Much of our cultural concept of the English Regency era is based on the tame and polite society depicted in Jane Austen’s work, and the popular genre of regency historicals that reflect that same depiction, like the work of Georgette Heyer. Because of the popularity (in our time: Jane Austen was relatively obscure in her own time, amidst a flood of very popular female writers) of Jane Austen and the polite society depicted within, we don’t often see that the Regency era was one that loved the scandalous and the shocking, where some of the most popular parties and salons were hosted by known courtesans and attended by the Prince Regent and his coterie of sharp-dressed and sharp-witted gentlemen friends, along with anyone else who wanted a place in high society.
The Regency era loved a good scandal–not to be scandalised at it, but to celebrate it. My current favourite topic of research is Sir Lumley St George Skeffington. “Skiffy” to his friends, and, well, most of London. Society loved him almost as much as they loved to lampoon him: several caricature cartoons of him are mentioned in his obit, including this one with his good friend Montague James Mathew. Both Skiffy and Montague died bachelors–there are quite a lot of lifelong bachelors in the friend group of the Prince Regent and Beau Brummell, including Brummell himself. Skiffy was known for his outrageous outfits, of his own design. I’m particularly delighted by this pink suit: are those feathers?
The courtesans of the Regency have been largely forgotten–they were driven out of the upper echelons of society by the social reforms of the Victorian Era. Victoria was far more restrained than her uncle, who surrounded himself with the most outrageous (and well-dressed) men in England and attended parties hosted by the most outrageous (and well-dressed) women in England. Harriette Wilson was one of the most popular courtesans of the era, even more so after her bestselling memoirs. She’s particularly remembered today for allowing high-profile lovers and clients to buy their way out of being mentioned in her memoirs. Julia Johnstone was another leading member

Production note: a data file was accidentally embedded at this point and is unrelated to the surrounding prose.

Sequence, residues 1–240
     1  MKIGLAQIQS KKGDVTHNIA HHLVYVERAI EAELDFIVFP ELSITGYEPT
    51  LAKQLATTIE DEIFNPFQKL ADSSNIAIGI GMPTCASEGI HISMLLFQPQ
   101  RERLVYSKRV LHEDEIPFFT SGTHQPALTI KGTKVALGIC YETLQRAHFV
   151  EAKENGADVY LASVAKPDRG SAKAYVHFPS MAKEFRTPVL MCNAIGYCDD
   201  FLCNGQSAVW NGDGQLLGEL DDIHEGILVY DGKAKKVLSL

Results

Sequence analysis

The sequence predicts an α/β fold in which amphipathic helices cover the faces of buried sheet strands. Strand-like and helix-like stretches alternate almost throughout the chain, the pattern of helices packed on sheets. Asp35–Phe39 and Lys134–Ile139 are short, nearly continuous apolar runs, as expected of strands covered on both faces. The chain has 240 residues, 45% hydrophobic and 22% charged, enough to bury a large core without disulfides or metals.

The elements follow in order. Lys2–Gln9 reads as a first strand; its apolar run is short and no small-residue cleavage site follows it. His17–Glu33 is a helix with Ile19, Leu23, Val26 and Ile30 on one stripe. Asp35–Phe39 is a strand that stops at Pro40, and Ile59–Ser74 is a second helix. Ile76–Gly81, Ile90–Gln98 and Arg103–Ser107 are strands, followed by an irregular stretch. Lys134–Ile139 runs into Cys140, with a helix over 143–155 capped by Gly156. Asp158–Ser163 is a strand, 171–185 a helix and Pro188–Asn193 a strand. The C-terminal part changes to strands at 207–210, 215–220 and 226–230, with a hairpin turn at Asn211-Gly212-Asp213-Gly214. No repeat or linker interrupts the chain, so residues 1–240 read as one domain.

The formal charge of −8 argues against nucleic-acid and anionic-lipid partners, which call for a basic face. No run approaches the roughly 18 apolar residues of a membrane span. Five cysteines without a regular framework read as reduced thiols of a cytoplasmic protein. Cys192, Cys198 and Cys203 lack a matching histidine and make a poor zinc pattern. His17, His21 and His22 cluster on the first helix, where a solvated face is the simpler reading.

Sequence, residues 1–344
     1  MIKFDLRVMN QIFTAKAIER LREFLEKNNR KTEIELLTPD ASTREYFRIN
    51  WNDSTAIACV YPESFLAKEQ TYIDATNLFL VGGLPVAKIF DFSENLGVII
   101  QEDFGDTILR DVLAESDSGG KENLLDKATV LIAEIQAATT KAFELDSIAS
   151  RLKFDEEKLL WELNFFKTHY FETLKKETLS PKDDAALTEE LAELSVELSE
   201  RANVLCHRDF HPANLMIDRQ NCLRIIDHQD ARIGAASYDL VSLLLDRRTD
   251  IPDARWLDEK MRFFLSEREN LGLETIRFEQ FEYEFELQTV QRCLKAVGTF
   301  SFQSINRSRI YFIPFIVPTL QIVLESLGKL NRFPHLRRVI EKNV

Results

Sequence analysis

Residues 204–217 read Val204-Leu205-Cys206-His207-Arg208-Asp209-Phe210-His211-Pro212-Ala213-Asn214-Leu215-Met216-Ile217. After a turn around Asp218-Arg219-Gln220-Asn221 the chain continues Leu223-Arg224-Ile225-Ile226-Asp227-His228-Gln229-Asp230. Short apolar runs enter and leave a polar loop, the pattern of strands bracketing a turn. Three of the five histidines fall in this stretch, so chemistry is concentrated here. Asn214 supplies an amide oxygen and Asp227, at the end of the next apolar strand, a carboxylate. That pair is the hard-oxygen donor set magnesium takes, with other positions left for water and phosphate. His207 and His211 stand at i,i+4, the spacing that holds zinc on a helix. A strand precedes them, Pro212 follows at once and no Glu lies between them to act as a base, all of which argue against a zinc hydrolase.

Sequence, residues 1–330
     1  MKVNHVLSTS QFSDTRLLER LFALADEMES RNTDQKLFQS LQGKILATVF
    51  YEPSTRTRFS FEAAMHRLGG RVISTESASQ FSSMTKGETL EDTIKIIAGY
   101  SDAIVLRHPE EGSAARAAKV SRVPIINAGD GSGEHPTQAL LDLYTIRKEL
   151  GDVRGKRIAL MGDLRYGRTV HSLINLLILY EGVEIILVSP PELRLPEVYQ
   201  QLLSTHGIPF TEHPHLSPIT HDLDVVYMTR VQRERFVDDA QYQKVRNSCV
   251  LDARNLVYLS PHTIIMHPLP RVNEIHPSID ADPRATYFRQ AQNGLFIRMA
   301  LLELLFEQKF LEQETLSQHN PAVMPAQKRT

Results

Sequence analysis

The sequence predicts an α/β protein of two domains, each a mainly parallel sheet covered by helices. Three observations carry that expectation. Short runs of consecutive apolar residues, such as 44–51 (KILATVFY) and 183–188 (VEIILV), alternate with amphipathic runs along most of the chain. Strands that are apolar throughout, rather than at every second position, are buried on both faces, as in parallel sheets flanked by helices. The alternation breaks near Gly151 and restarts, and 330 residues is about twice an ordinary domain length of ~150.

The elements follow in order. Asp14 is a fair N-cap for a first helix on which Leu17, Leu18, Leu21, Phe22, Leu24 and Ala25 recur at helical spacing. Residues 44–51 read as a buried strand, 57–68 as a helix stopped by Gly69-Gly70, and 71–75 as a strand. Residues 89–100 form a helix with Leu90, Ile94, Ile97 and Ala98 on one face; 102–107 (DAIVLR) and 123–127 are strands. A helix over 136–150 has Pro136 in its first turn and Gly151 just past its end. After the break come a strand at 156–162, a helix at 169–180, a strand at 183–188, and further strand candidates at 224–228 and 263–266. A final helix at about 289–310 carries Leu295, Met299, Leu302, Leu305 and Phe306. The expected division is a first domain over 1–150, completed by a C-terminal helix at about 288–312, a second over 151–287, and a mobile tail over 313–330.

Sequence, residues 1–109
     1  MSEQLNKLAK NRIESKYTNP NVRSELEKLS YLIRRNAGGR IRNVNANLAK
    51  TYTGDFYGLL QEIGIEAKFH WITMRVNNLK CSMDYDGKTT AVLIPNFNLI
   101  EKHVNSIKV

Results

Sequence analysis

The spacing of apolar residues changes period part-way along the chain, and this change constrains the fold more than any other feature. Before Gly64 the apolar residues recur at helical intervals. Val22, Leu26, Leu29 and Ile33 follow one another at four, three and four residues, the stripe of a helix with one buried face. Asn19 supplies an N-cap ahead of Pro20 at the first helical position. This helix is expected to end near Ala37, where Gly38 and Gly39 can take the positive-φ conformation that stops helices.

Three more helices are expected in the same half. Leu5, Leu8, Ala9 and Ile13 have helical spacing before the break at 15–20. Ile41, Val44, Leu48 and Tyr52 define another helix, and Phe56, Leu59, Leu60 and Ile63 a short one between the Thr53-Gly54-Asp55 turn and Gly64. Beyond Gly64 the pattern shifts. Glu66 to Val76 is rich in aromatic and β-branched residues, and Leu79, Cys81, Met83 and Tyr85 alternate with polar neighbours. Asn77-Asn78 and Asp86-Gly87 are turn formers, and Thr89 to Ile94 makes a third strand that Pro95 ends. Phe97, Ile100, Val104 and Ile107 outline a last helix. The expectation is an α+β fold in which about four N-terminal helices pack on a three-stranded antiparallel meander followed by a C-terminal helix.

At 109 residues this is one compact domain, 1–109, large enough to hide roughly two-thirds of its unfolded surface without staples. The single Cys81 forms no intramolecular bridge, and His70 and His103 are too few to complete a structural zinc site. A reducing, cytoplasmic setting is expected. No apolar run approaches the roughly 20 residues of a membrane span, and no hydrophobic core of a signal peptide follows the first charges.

of the “Cyprians”, who had such wealth and fame that they could throw balls attended by all the greatest figures of the day, many of them their lovers (Beau Brummell, Ian Kelly, 2006)
Julia Johnstone, Harriette Wilson, and Hariette’s sister Amy Dubochet were known to their society as the “Three Graces”, and their salons were always full of doting admirers–including the future king.
In addition to the open and popular sexuality of the courtesans, I strongly suspect that “Prinny’s set”–the close friends of the Prince Regent and the elite of Regency society contained a lot of homosexual figures. It’s hard to confirm, since there’s very little serious scholarship on the topic, but a surprising amount of the prince’s friends die unwed, living long and popular lives with rather a lot of gentlemen friends. Men like “Skiffy” abounded, and the more shocking and scandalous they were, the more popular they became. Including the handsome and clever Beau Brummell, who even accompanied the prince on his honeymoon.
I get a lot of questions and comments about the homosexual characters in my books not encountering more outright homophobia. But this is the Regency era! This sort of thing may not be depicted in the relatively tame oeuvre of Austen, but sexual scandals and salacious rumours often served to make their subjects even more popular, as we can clearly see with the Cyprians, who capitalised on this to significant profit.
It’s also worth remembering that homosexuality has always existed as a human trait. Suppose we use the very generalised modern statistic that 10% of people have homosexual inclinations. That’s quite a lot, so let’s say that 9/10 of these possible Regency era homosexuals live in denial and never act on their impulses. 1%, then, of society might be actively inclined homosexuals. By the population of Great Britain in 1810, that’s 120,000 active homosexuals throughout Great Britain during the Regency. Several of whom were the celebrated close friends of the Prince Regent himself and the toast of Regency society.